There are many reasons why people love cats.
Firstly, they are very cute. Even when they’re purposely ignoring you, they are very cute.
Second, they’re very low maintenance! They love their independence and don’t require as much care and attention, making them the perfect pet for older people or busy bees.
Third, they are very funny. There’s a reason cat videos on the Internet are always a good laugh!
Lastly, cats can be very affectionate, jumping onto our laps or even grooming us. They’re just as good a companion as dogs.
However, getting cats may be a problem because cat allergies are unfortunately very common. All cats produce the allergen in their saliva, which they use to groom their fur. This fur then transfers to furniture and clothes, triggering a reaction.
Thankfully, many cats either do not produce as much of these allergens or do not shed as much. We have listed five of the best cats for people with allergies below.
No doubt one of the more exotic-looking species of kitties, the Bengal looks more like a wildcat than a domesticated cat due to genetics. The modern-day Bengal is attributed to Jean Mill, a cat breeder and conservationist who started the breed by crossing wild Asian leopard cats and a tomcat. She did this to prevent people from purchasing exotic leopard cats that were ill-suited for home life.
Bengal cats feature leopard prints on their extremely short fur—spots, rosettes, arrowhead markings, and marbling. They shed very minimally which is good news for people with allergies to cats as they love to cuddle and rub against their owners. Bengals have a lot of pent-up energy and need a ton of exercise and playtime to thrive.
Source: Daily Paws
2. Russian Blue
As you can tell by its name, Russian Blues have a slight blue tinge to their gorgeous gray fur. Under the sunlight, it gives off a silvery, luxurious look that’s become its trademark. Additionally, these beautiful kitties also have sea green eyes and pink or mauve paws, and their fur is described as being unbelievably soft to the touch.
Though their coat is thick, they do not shed as frequently as their other relatives. There is far less dander floating around, and they also produce less Fel d1 than usual, which is the enzyme that triggers allergic reactions in humans.
Russian Blues are curious yet calm animals. They are naturally empathetic with their owners and are known to be very loyal to them. They are also crazy smart—they have good memory skills and will remember where their favorite toys are located and familiar faces they’re fond of!
Source: Pet Place
With stunning blue eyes, light-colored fur, and dark ears, tails, and face, the Siamese cat is one of the more easily recognizable species of cats out there. They are descended from the Wichianmat landrace, one of the oldest cat breeds in Thailand. Indeed, the earliest known reference to the Siamese cat comes from an ancient manuscript called Tamra Maew written between 1351 to 1767 AD!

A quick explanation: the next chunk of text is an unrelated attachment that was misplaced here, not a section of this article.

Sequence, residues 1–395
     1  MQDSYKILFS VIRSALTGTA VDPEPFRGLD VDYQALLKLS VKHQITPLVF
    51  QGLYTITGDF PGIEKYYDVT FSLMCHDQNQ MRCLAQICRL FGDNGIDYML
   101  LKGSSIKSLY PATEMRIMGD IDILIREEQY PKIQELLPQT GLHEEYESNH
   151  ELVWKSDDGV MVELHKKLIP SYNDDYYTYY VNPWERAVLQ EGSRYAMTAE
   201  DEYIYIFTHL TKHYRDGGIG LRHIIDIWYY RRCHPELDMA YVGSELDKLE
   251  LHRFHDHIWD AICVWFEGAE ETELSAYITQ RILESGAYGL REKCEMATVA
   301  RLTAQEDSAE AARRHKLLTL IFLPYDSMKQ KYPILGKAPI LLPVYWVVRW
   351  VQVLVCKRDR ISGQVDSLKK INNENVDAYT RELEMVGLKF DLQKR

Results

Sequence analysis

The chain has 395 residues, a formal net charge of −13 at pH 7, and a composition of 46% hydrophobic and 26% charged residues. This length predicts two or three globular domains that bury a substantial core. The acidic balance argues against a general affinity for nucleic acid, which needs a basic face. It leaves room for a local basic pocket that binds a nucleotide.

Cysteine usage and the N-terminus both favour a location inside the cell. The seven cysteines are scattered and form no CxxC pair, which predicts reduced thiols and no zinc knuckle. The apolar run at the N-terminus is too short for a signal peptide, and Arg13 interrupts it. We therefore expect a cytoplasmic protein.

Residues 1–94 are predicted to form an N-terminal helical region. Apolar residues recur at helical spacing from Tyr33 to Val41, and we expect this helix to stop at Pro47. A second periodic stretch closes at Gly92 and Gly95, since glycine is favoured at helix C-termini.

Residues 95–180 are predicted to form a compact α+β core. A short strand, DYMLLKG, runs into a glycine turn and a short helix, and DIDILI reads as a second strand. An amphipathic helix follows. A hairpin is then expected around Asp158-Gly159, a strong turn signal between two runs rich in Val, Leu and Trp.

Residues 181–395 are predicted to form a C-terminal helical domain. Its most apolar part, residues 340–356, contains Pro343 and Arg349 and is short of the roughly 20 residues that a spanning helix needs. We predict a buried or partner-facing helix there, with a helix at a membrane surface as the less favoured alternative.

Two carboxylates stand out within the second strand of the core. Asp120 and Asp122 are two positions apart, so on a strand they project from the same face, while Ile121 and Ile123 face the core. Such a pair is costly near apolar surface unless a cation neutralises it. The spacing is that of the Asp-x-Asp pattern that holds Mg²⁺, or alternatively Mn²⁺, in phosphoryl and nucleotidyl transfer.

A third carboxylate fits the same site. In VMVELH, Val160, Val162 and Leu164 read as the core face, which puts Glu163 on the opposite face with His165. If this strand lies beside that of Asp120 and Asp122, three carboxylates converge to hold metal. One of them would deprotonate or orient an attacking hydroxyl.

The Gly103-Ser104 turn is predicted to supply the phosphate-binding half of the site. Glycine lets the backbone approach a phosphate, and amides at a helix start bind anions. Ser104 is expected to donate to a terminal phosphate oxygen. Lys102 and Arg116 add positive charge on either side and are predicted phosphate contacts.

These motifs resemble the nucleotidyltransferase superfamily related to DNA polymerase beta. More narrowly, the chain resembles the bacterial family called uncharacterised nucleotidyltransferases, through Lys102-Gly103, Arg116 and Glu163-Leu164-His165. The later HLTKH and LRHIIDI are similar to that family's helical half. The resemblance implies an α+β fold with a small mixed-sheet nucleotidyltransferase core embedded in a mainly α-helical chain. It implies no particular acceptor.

Their coats don’t shed much at all, and they don’t require a lot of grooming. However, you’re going to make up for that in various other ways!
Siamese cats are known for being extremely extroverted. They love being around their owners and even strangers and even often beg for attention with meows akin to the sound of a crying baby. For this reason, people describe them as having more doglike behavior than catlike.
Source: Daily Paws
Although these kitties undoubtedly look super soft and fluffy, they’re surprisingly very hypoallergenic. That’s because their saliva produces far fewer enzymes that trigger allergies and asthma attacks. Female cats, in particular, are recommended by cat breeders to those suffering from cat allergies.
Siberian cats are one of the oldest breeds of cats in existence. Most, if not all, long-haired cats are believed to have descended from them. They come in a wide array of colors and patterns and are still quite rare in the United States due to how expensive importing them from Russia is.
Temperament-wise, Siberians are very affectionate and playful, and many of them love being carried or sitting on laps. They also have a unique interest in water, often dropping toys in their water bowls or being curious about bathtubs.
Source: Daily Paws
It makes sense that one of the more hypoallergenic cats on the list is a cat with barely any hair at all, doesn’t it? However, just because they lack hair doesn’t mean they’re maintenance-free. In fact, I dare say that they require more care!
In addition to that, sphynxes aren’t entirely hypoallergenic because of the lack of hair. Again, cat allergens are located in their saliva, not their fur. However, bathing them regularly can keep the allergies at bay.
Because of their lack of hair, a lot of oil accumulates on their skin. You need to bathe sphynx cats maybe once or twice a week to get rid of that oil. Additionally, they need adequate temperature control—without fur to keep them warm, they shouldn’t be exposed to cold temperatures for too long and are highly discouraged from going outside where they can easily get too hot or too cold.
Otherwise, sphynx cats are very loving and loyal creatures with bold personalities. Like the Siamese, they are described as being more doglike than catlike. They thrive with attention from their owners and are always open for playtime.
Source: Cornell Catwatch